Sunday, April 28, 2013

Happy Happy

Thank you for the birthday wishes. I'm older but not old. Josh is thrilled by my grey hairs, so I'm thrilled by my grey hairs. My grandfather has white hair and lots of it. Josh taps the table in patience. I'm only 28.

I almost shared a birthday with my sister-in-not-legal-in-Missouri's newest son. A day apart, but he's still a Taurus. Even if you didn't know that, you'd know he's going to be a good one. He was passed around to all arms but mine and never cried. I have a personal code where I don't hold babies. I've had nightmares I drop them. The closest thing to a baby in my house is a small plastic newborn I found in a cake. Aside from that, I have a preserved tadpole in a jar. It's almost a frog, but it retains a tail. One of my friends thought it was a chicken leg.

Necessary Fiction asked me some questions about writing. I learned answering questions about writing makes me nervous. I'm still at the stage where I'm waiting for someone to knock on my door and take it all away. Sometimes my mail delivery person will be loud on her headset out on the front porch, and I'll think it's "the authorities." Also, there are no authorities. No one is going to take my writing away (I keep chanting to myself).

Well, I ran yesterday. Not much, but. I was in the grocery after, and a woman hurried up to me and demanded to know what cologne I was wearing. I wasn't wearing anything but sweat and shorts. Pheromones, I imagine. This makes the second time this spring. People are insistent I smell like spices.

There was a brown recluse in a sink last night where Josh and I were staying. Spiders scare me more in sinks. It's the shape of the sink, the bowl of it, and the suggestion that the spider crawled up and out of the drain. Josh says he found a snake in a sink once. The same principle but larger. The snake slipped over the lip of the sink, down the base, onto the floor, and into a hole in the wall.

Josh told me to do something about the brown recluse. I did something.

Tuesday, April 2, 2013

Good Days

People came to watch me read stories in an art gallery on Saturday. The gallery was empty but for a little step stool and a dog toy in the shape of a football. People sat on the floor. I brought two pies, and people actually ate them. The reading went well except for when my mouth dried out during my third story. I had to walk across the gallery and fill a wine glass with water. The residue of the wine in the glass turned the water blue. It looked like I was drinking cleaning supplies. Everyone was so nice about it.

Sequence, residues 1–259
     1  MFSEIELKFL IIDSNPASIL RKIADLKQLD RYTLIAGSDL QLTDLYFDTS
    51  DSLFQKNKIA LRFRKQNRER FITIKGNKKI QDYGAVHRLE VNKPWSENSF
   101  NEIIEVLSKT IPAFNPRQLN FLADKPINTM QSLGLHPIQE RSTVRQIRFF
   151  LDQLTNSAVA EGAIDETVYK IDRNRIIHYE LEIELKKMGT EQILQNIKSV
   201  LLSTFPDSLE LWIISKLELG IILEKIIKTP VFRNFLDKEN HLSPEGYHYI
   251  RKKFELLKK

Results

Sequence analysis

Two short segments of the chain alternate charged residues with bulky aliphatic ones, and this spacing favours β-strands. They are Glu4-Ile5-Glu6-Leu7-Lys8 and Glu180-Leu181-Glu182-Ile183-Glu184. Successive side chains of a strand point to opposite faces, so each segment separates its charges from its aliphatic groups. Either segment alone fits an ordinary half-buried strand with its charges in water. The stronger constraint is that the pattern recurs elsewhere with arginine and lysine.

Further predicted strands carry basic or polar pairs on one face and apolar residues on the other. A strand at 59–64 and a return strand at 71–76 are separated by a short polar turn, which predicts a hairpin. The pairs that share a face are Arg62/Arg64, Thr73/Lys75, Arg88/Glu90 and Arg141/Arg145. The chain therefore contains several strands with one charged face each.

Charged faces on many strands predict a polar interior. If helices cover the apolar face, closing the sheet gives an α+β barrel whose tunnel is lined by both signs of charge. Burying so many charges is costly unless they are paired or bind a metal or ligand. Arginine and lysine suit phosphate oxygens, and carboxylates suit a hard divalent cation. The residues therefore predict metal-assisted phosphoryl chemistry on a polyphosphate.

There are pictures of me reading, but I won't post them here. My chin disappeared into my neck when I looked down at my book. I've heard words for people with weak chins. "Thumb" gets passed around. 

I've been tall, and now I'm skinny like I used to be when I was short enough for gymnastics. I can't hide anymore. I try. I have prescription glasses that turn into sunglasses when I'm outdoors. But I couldn't hide at the reading. My book is too small to cover my face. People call my book a baby. Publishers Weekly calls it a star. There are reviews, then there's THAT review. Josh made me read it out loud to him before we went to sleep last night. It was a celebration night. Those nights are like undiluted vinegar. Be careful.

After the reading, we all went to a bar and drank two beers each. I talked to poets. One of them was wearing a hat to protect from sunburn. It was after dark. I guess the sun is always out for poets. I developed a crush. Those are easy to develop. I develop them whenever I leave the house. Mostly, I don't leave the house.

Josh, his mother, and I were at an Indian restaurant on Sunday. Josh's mother told a story about her father as a boy. Every summer, a man would come to live in a hut by the rock quarry in her father's town. The quarry was filled with water. The man would take a large jar and dive down where the water was coldest, and he'd bottle the cold water and bring it back up with him to share. The way she told it made it seem like a simple miracle. We were eating dry cooked okra. The dry cooking kills the slime. Another little miracle. 

I can imagine diving down deep enough for something precious. There was this time I was in the ocean, and I tried going under for a shell, but the shell was too far down, and my ears began to hurt. When I came up someone warned me about reaching for strange shells. That sometimes the creatures living inside are toxic. OK. That's fine. But sometimes they're not.